Today let’s talk about power. Many of us feel powerless around food. Have you ever noticed your food stuff flares up when you feel powerless in other areas of your life too? So what’s the deal with power?
A quick glance at the newspaper will tell us power is often misused and abused. However, one could argue that power used to hurt others is not true power. When a person stands in his or her authentic power, there is no need to try to take it from others—real power has us living in our truth and wholeness.
So why are we so quick to give up our power? Maybe you learned at a young age that when you asserted your power, others didn’t like it; when you set boundaries you were told that you were hurtful, mean, or selfish, or perhaps your boundaries weren’t respected and you were thus “disempowered.” Other people’s responses to our power can play on our need to be loved and accepted. If we learned that asserting our needs and setting boundaries wasn’t okay or that we weren’t okay for doing it, no wonder we stopped standing in our power.
When we assert a boundary, we are standing in our power. When we listen to our needs and wants, we are standing in our power. When we live in accordance with our values, we are in our power. It is true that others might not like what standing in our power looks or feels like to them, but the beauty of standing in our power is that it also gives others permission to stand in theirs as well—which lets them own their own reactions (i.e., you are not responsible for how someone else feels).
Making choices that are in alignment with our truth not only feels good, but it strengthens our relationship with ourselves. We trust ourselves to show-up for ourselves, and we WANT to show-up. That might translate into choosing to be present with some icky feelings rather than disconnecting using food. It might look like a night of self care instead of a binge because you said no to an invitation to dinner that you really didn’t want to go to. The more we stand in our power, the less we abandon ourselves—and the less we turn to food.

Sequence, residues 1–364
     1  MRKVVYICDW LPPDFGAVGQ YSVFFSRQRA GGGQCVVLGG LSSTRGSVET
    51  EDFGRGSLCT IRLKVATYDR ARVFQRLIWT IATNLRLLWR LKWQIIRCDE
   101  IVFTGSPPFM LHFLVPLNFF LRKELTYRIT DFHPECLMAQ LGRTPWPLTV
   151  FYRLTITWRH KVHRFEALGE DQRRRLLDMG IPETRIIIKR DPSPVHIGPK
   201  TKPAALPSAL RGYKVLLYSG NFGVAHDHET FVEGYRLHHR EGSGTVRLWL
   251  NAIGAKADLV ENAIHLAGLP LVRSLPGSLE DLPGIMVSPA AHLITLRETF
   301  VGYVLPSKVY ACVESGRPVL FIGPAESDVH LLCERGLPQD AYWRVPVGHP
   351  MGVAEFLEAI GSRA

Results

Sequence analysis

And now let us turn to food. The eggy/gelatin-type desserts have always been a gap in my vegan dessert repertoire, yet certain people go crazy for the soft yet firm texture of creme caramel and panna cotta—these are usually the same people that love Birds custard (you know who you are). My husband is one such person, and I made this for him and ended up quite enjoying it myself. I did learn the hard way about adding too much agar when my first attempt turned to rubber. Needless to say, this recipe has a modest amount of agar and does the job perfectly.*
- 1 tsp arrowroot powder
- 3/4 cup + 1 tbsp warm water
- 1 can of coconut milk
- vanilla bean pod (seeds scraped inside, save the empty pod)
- 4 tbsp maple syrup
- 1.5 tsp agar agar
Assemble six ramekin jars or other small molds. Combine ingredients in a blender then pour into a pot and bring to a boil. Drop in the scraped pod for some extra flavour. Turn down heat and let simmer for 4-5 minutes. Remove the vanilla bean pod and then pour evenly into your ramekins. Let set in the fridge for 1-2 hours before eating.
*Inspired by recipes of Anna Jones (A Modern Way to Eat) and Amy Chaplin (At Home in the Whole Foods Kitchen)